Runny nose, congestion, itchy eyes, and sneezing—they’re a rite of Spring for many. After this unusually rainy winter more and more people who normally do not suffer from allergies are joining the ranks of the 35+ million Americans who are plagued by seasonal allergic rhinitis. Why does this happen? When plants pollinate, they send pollen into the air. Some people’s immune systems respond by producing antibodies called immunglobulin E(lgE) that then travel to cells that release chemicals called histamines that cause unwanted allergy symptoms in the longs, nose, sinuses and eyes.

Here are four ways to combat the symptoms of seasonal allergies:

1. Oral Antihistamines – These familiar drugs work by blocking the inflammation-causing histamine that your body produces in reaction to allergens. The first generation antihistamines, such as Benadryl, can cause drowsiness and works for 4 to 6 hours; the second generation antihistamines includes loratadine (Claritin), cetirizine (Zyrtec), and fexofenadine (Allegra) do not typically cause drowsiness and last approximately 24 hours. Second generation antihistamines are preferred in elderly patients where risks of falls may be an issue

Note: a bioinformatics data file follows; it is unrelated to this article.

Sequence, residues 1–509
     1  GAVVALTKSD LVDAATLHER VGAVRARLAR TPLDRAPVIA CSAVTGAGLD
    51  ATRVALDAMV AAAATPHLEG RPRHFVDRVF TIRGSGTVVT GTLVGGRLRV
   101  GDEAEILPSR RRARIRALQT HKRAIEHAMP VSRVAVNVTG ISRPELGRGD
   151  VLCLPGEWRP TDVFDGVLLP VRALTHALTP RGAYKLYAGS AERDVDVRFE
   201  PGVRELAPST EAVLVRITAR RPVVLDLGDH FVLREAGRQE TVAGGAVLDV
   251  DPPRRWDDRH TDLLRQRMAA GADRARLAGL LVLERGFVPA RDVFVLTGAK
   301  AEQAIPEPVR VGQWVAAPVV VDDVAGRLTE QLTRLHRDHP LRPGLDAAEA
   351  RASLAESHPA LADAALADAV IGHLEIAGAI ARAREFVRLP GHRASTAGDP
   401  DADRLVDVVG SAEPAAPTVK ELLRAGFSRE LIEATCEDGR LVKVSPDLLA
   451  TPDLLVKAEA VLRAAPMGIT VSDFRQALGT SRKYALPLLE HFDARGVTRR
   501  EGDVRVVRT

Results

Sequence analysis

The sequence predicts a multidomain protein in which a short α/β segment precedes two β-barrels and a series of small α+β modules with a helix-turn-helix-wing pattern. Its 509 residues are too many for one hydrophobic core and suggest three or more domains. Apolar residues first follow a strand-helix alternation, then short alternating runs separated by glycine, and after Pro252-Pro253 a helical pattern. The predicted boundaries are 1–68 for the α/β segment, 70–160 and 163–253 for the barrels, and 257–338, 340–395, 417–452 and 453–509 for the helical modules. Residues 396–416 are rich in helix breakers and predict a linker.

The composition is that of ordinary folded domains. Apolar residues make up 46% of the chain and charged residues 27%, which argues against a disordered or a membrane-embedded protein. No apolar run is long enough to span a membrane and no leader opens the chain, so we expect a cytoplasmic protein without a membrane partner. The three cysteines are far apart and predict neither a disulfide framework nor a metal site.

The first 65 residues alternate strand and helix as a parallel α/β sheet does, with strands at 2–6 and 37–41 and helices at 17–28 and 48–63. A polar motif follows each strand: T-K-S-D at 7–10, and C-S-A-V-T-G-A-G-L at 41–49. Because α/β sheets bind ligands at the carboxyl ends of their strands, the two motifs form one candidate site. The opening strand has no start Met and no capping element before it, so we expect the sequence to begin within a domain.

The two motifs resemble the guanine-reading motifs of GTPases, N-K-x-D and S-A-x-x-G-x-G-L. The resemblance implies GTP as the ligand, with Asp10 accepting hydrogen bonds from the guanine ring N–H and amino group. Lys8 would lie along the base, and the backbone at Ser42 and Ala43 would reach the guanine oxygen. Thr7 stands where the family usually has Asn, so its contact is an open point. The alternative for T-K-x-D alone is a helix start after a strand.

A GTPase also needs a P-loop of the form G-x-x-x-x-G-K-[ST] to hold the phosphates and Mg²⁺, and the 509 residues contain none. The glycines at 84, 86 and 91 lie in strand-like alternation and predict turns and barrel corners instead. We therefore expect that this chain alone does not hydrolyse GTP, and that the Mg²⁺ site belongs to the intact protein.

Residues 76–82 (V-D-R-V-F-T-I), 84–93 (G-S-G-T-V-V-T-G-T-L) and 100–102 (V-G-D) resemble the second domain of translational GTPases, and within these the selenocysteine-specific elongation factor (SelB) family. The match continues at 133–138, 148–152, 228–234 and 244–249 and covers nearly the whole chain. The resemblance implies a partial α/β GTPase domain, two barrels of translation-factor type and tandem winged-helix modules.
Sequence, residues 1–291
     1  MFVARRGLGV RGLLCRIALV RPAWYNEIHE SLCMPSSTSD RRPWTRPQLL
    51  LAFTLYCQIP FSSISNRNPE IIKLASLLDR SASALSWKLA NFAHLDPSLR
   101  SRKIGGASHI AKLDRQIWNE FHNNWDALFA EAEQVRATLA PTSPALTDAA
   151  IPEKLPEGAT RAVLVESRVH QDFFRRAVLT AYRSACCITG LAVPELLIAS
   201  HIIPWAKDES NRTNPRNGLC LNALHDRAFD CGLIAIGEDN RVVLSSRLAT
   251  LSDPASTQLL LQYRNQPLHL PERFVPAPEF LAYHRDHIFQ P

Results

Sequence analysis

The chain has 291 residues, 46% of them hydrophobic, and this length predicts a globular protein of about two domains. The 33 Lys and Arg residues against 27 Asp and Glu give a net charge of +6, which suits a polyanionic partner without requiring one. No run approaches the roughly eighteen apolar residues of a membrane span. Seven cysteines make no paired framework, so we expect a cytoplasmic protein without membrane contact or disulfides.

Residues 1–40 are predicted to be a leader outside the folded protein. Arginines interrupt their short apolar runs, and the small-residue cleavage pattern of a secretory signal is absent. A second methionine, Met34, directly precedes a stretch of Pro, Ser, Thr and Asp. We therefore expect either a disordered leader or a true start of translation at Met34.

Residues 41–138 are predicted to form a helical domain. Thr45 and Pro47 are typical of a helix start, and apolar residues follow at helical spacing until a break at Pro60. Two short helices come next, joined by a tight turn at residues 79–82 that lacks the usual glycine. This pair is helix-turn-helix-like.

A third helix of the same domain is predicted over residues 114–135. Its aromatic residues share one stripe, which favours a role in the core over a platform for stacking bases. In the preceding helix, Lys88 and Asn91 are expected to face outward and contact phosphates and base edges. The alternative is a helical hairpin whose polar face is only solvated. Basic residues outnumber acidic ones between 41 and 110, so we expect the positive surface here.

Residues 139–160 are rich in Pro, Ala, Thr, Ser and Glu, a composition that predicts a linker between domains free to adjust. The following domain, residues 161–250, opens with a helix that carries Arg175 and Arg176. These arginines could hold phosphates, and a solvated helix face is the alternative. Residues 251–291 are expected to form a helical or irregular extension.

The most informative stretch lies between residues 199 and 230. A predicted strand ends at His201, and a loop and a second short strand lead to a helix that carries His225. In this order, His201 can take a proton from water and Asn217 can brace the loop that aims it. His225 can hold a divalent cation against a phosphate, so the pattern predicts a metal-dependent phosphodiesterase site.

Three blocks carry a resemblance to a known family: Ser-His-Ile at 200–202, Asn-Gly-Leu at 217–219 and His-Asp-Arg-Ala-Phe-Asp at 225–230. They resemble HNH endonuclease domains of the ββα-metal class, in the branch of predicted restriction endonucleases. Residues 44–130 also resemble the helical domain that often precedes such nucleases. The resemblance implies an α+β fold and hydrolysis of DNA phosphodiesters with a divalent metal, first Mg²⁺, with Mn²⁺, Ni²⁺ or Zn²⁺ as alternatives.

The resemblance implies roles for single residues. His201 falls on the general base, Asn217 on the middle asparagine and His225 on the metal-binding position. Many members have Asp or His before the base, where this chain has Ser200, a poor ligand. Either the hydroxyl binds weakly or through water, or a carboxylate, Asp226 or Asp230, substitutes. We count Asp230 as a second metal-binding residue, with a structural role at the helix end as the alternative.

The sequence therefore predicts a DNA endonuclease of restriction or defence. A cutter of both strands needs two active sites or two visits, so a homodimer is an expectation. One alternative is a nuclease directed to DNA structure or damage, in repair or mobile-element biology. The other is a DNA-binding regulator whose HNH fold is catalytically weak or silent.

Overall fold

2. Herbs and Supplements – Quercetin, a heart-healthy chemical called a flavonoid, found in tea, onions, grapes, and tomatoes, is a natural anti-inflammatory that can block histamine’s effects before they begin. One recommends taking one 500 mg tablet up to twice a day, starting a few weeks before allergy season.

3. Control Your Environment – You’ll fight allergies more effectively if you know what you’re allergic to. A skin or blood test from an allergist will narrow down your particular allergens, so you can avoid them. For example, staying indoors with the windows closed during your worst pollen days may help. Also remember that trees predominantly pollinate in the morning, so plan outdoor activities for later in the afternoon or in the early evening.

4. Nasal Saline Flushing – Rid your nose of both mucus and allergens by making a saline solution comprised of 8 ounces of warm distilled or sterilized water with 1/4 teaspoon each non- iodized salt and baking soda or if mixing is not your thing, buy a sterile nasal saline rinse at the drugstore. Lean over the sink with your head tilted to one side and use a squeeze bottle or Neti Pot to pour the solution into your top nostril, letting it flow out the bottom. Then switch sides.

Need to speak to someone about what the best course of treatment is for your family and you? Stop by Webster’s Community Pharmacy in Altadena to meet with the Pharmacist who will assist you in selecting the right treatment for you.

Webster’s Community Pharmacy is located at 2450 North Lake Avenue, Altadena. Call (626) 797-1163 or visit for more information.